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Are we saying goodbye to the 5 and 10 cent coins?

Will Australia still have the 5 cent or the 10 cent coin in the future? (Source: Getty)

Our habit for tap-and-go may mean bidding farewell to the humble 5-cent and 10-cent coins.

According to the chief executive of the Royal Australian Mint, Ross MacDiarmid, Australians are simply not finding much use for loose change anymore.

“People using coins now is something that is actually declining,” MacDiarmid told ABC Radio Melbourne.

The volume of cash payments have fallen in the last decade. (Source: RBA)

Demand for coins has dropped by roughly 55 per cent in the last five years, and much of that was for silver coins.

“We've worked on the basis that somewhere in the next five to 10 years, the 5 cent coin will probably just cease to be used.”

And the 10 cent coin will likely go in the same direction, he said.

"Retailers more than likely would be the ones that would stimulate a decline in the demand for 5c pieces, because if you rounded up to 10 [cents] there's not really much need for a five."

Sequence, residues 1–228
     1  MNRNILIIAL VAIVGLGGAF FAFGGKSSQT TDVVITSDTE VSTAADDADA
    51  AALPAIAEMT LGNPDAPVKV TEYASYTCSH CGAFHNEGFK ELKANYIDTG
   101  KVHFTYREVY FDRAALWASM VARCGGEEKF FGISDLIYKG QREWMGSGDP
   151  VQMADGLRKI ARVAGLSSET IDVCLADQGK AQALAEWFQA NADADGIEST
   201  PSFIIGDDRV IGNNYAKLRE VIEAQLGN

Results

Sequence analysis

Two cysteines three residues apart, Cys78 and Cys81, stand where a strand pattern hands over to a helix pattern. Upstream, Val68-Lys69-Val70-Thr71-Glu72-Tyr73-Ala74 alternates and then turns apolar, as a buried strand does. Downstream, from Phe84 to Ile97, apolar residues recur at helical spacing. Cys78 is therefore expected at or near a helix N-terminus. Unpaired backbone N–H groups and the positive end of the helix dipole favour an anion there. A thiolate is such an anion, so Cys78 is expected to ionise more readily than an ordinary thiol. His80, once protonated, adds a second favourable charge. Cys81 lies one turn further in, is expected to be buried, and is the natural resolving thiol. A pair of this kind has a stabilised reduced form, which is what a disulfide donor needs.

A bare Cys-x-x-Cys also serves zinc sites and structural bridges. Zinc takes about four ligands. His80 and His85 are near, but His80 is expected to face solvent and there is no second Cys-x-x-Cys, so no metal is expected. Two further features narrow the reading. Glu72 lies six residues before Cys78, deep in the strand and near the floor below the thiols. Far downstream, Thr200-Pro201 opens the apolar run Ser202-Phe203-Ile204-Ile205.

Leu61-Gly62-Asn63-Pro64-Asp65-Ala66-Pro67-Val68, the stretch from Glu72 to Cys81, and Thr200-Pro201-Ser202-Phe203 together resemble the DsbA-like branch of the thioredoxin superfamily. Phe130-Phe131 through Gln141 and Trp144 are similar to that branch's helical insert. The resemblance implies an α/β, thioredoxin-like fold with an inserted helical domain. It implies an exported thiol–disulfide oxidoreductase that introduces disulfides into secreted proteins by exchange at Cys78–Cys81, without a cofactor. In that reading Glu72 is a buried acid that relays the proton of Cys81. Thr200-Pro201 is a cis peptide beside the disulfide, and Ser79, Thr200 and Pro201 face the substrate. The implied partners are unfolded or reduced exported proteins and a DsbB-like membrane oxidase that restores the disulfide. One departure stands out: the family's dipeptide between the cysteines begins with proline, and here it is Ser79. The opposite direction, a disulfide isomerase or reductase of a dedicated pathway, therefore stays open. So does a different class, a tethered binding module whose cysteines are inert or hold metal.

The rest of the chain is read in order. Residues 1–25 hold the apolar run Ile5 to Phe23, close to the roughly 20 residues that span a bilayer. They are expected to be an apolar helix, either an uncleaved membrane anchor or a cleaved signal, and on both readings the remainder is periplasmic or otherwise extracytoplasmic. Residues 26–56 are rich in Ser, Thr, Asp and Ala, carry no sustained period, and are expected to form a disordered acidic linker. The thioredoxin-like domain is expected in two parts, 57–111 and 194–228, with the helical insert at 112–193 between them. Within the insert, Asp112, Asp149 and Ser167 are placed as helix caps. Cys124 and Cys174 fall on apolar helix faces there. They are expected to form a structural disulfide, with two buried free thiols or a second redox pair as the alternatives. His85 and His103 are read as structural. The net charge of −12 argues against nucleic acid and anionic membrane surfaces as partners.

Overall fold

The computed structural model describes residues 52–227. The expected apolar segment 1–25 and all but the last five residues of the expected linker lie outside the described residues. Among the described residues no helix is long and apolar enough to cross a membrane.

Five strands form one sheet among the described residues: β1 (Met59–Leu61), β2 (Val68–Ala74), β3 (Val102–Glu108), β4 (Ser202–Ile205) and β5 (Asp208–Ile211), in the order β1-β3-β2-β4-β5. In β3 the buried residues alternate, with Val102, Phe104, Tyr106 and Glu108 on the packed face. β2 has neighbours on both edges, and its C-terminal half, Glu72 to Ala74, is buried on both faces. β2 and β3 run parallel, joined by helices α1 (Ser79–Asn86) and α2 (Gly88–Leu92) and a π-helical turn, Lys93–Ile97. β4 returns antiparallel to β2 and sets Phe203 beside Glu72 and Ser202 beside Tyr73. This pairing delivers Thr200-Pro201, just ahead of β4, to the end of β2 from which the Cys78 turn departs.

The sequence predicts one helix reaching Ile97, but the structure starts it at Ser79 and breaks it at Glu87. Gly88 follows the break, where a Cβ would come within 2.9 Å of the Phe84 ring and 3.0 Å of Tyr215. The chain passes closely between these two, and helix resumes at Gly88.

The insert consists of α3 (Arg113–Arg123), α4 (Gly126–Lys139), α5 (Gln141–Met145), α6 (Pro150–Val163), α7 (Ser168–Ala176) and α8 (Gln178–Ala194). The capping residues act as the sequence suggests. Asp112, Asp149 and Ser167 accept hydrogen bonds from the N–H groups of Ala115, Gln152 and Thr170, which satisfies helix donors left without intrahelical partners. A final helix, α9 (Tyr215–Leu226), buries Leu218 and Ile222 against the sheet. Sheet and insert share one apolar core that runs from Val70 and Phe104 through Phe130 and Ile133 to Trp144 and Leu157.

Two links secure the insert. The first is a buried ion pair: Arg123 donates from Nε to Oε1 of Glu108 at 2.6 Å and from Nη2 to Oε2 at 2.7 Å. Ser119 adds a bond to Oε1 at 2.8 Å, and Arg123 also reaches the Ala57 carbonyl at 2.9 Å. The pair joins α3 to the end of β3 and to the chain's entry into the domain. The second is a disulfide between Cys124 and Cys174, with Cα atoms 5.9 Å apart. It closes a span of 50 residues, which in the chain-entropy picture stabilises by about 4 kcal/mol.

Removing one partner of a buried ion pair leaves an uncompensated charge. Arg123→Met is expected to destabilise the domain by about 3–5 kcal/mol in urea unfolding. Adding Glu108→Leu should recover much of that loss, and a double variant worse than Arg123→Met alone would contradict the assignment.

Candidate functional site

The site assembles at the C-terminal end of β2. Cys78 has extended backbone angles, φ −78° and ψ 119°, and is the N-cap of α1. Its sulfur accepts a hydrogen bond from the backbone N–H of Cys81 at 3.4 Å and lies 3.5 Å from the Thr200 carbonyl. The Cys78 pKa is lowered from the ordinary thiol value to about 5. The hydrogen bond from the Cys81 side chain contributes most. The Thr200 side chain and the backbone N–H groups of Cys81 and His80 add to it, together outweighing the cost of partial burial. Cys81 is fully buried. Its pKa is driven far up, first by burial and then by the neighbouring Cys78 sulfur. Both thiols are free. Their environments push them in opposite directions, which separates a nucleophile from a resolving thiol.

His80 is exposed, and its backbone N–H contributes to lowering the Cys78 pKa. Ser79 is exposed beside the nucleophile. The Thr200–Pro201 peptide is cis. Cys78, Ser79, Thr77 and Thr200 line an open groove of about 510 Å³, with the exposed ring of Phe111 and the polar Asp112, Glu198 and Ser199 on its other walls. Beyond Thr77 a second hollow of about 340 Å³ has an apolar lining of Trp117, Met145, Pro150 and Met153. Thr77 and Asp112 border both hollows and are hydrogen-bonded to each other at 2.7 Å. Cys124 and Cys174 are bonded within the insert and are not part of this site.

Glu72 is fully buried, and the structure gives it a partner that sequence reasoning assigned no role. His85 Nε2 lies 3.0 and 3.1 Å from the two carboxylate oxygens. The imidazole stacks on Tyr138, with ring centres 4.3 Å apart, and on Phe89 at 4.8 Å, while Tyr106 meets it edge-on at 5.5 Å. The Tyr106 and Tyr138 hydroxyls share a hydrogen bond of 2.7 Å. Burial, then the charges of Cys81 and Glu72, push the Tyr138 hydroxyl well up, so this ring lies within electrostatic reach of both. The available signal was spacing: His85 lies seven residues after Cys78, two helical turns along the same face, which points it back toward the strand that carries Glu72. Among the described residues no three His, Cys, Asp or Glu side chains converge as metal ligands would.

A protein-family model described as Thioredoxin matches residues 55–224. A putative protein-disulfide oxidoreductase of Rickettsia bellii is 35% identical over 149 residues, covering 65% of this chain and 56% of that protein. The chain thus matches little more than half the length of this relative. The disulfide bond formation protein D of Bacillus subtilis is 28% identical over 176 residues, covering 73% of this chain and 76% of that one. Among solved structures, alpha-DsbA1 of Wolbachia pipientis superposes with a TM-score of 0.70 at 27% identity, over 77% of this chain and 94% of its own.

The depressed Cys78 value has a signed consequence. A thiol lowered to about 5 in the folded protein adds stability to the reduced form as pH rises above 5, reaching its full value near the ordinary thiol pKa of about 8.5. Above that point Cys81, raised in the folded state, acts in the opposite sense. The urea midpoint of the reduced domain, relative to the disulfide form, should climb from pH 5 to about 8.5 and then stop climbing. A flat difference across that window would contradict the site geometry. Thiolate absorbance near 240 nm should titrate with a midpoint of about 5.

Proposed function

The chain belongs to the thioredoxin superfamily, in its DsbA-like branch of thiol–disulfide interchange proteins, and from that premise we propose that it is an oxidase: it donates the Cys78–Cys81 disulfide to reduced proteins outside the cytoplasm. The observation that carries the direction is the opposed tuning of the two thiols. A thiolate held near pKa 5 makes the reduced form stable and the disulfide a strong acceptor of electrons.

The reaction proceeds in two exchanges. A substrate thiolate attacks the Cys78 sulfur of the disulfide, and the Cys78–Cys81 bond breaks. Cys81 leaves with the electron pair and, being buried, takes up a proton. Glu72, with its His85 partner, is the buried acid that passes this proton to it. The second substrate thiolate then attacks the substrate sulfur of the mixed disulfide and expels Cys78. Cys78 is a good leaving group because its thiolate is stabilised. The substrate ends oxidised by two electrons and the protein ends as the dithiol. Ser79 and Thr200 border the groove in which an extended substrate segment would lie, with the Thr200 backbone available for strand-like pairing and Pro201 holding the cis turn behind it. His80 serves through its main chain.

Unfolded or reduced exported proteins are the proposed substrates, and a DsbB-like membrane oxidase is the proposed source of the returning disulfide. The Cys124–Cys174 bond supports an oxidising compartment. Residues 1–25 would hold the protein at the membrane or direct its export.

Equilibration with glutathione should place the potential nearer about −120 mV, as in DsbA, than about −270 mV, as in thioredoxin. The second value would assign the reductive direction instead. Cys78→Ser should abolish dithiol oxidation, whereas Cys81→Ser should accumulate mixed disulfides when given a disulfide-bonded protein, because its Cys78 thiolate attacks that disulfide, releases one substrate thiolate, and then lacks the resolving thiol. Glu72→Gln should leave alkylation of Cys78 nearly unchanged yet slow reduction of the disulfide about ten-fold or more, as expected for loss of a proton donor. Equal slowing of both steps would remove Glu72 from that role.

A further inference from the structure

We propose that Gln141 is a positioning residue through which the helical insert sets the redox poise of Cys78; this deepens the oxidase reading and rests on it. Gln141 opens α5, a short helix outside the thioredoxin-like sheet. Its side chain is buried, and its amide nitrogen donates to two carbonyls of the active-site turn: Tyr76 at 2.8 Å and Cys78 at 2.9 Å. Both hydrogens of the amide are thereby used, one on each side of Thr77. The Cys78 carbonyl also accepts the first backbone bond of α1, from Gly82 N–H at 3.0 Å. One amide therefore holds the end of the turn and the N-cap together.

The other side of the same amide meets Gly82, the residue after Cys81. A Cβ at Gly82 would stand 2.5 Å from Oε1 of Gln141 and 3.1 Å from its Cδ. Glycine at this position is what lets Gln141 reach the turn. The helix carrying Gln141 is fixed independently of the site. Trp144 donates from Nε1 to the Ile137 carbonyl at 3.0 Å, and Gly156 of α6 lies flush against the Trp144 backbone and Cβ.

“I think over time, they will die naturally.”

Meanwhile, demand for $1 and $2 coins – and even the 20 cent piece – is still “reasonably strong”.

However, the 50 cent coin is “struggling along”. MacDiarmid claimed it was hampered by its overly large size that sees it denied by most vending machines.

“So that has got a bit of a special case as to why it's declining, perhaps at a faster rate than the 20 cent piece,” MacDiarmid said.

But, in the future, we might see a 50 cent coin that looks different to what we know it to be today.

“We are monitoring its use in circulation to see whether there's a need somewhere in the future for a different 50c piece to be produced,” he told ABC.

“It's not something we've necessarily raised with the government but it's something that perhaps could be raised in the future.”

However, a strength of the large coin is that it has more surface area, meaning it is well-suited for limited edition or collectable coins.

“It can depict an image in a way that some of the other coins can't.”

In December last year, Reserve Bank of Australia governor Philip Lowe signalled that cheques would soon die out.

“At some point it will be appropriate to wind up the cheque system, and that point is getting closer,” he said.

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